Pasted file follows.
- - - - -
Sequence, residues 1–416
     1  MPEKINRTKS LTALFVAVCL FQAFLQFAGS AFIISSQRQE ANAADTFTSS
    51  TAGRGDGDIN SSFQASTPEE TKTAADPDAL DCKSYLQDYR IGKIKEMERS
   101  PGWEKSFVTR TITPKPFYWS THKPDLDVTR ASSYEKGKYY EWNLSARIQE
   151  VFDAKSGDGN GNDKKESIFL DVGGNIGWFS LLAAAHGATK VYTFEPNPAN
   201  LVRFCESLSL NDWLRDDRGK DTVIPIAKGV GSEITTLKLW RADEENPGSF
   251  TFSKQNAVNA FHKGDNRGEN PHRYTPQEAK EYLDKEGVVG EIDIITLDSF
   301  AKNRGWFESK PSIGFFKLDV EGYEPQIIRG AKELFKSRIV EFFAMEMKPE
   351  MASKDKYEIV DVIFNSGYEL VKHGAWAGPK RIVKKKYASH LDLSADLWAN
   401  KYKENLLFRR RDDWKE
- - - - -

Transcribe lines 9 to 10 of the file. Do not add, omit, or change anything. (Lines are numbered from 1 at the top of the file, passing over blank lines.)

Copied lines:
   351  MASKDKYEIV DVIFNSGYEL VKHGAWAGPK RIVKKKYASH LDLSADLWAN
   401  KYKENLLFRR RDDWKE